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5 thoughts on “Making Millions off of the 30-Million-Word Gap

  1. I taught in Boston’s public schools for 36 years serving as a teacher of ESL and of Spanish heritage students. I had one student in all that time who was truly deficient in language. He was a seventh grader who did not have names either in English or in Spanish for common items, such as door, notebook, pen, book. He called them “el d’eso” or “the thing there”.

    In the course of referring him for evaluation, his mother came to school for a meeting. Questioning revealed that he had twice fallen from a first floor window when he was a baby. According to his mother, though he landed on his head, nothing seemed to be wrong afterward, so she didn’t take him to the doctor. It seems everyone who taught the boy until he got to middle school assumed it was the 30 million word gap, rather than brain damage that was at fault.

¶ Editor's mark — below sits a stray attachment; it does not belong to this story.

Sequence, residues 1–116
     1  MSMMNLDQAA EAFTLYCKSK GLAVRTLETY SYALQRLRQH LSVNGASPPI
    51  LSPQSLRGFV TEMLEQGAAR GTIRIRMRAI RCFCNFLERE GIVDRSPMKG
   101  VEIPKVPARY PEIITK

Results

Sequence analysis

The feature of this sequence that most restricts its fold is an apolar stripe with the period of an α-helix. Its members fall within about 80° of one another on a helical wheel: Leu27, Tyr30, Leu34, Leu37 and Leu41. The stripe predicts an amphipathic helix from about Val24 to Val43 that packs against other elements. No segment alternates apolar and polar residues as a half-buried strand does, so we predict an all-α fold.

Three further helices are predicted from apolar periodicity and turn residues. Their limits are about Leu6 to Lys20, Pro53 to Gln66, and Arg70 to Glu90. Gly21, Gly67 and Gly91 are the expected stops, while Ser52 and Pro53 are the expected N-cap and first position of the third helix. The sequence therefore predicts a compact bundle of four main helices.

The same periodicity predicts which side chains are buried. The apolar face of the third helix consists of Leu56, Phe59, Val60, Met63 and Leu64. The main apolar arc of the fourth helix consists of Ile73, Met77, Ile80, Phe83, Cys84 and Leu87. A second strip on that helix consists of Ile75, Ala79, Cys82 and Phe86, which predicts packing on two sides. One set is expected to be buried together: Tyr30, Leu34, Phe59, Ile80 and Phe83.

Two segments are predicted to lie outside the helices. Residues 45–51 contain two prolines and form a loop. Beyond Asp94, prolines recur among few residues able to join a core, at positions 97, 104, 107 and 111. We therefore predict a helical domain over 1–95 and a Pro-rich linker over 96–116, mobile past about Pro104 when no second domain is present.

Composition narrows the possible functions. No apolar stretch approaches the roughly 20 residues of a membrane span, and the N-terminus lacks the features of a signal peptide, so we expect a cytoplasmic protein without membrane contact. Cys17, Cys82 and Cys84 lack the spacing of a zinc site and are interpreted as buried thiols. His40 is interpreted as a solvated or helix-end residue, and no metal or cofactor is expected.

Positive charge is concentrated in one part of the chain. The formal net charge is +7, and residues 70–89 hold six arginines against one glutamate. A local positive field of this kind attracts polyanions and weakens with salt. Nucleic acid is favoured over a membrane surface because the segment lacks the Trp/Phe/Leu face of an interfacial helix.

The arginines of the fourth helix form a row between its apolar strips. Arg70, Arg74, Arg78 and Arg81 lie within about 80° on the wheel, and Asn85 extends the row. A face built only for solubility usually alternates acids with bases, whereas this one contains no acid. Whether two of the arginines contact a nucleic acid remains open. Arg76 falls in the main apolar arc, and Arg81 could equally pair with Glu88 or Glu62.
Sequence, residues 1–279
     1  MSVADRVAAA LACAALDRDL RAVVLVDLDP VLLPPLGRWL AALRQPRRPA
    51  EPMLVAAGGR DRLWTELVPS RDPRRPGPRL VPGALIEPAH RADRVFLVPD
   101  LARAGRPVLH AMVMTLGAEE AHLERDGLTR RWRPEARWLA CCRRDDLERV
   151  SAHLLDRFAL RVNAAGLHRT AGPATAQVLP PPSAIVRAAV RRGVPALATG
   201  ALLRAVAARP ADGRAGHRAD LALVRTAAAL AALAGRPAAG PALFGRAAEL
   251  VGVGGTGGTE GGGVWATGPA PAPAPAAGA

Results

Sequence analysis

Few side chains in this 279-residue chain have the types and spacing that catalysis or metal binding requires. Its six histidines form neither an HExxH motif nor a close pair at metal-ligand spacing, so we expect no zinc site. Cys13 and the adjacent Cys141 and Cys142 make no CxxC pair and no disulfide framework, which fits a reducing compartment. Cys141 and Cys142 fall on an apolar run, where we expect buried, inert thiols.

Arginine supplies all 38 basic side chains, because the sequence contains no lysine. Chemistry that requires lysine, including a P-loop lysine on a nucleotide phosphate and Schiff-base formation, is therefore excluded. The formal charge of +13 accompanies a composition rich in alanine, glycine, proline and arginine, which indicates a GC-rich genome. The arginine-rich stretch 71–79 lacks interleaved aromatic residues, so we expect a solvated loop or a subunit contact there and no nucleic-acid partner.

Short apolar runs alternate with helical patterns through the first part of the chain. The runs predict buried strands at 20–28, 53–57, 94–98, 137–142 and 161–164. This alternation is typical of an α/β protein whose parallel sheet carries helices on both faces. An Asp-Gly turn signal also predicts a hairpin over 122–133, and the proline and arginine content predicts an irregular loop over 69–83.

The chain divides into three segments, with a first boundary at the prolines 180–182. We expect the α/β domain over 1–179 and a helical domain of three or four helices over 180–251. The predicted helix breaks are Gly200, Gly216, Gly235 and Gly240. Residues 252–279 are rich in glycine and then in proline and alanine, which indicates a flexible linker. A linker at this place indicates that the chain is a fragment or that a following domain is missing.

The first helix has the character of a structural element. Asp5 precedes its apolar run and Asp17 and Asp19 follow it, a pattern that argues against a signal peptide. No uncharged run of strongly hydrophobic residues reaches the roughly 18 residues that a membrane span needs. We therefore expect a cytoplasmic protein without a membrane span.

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  2. You are definitely on the right track. Are you familiar with social impact bonds / pay for success / outcomes-based government contracts? In addition to early childhood education and workforce development, literacy in in the cross-hairs for this type of “innovative” financial funding. It is what is driving the app-ification of literacy and those third grade reading guarantees. All of the “read by fourth” campaigns and pre-k readiness. Third grade test scores are part of the the “success” metrics for the investors.

    You might be interested in this: https://wrenchinthegears.com/2017/11/26/gambling-with-our-futures-big-data-global-finance-and-digital-life/

    And this: https://wrenchinthegears.com/2018/01/14/who-is-pulling-the-muppet-strings/

    Everything has to be captured as digital evidence via ICT and IoT. They have to normalize data capture for what is coming very soon.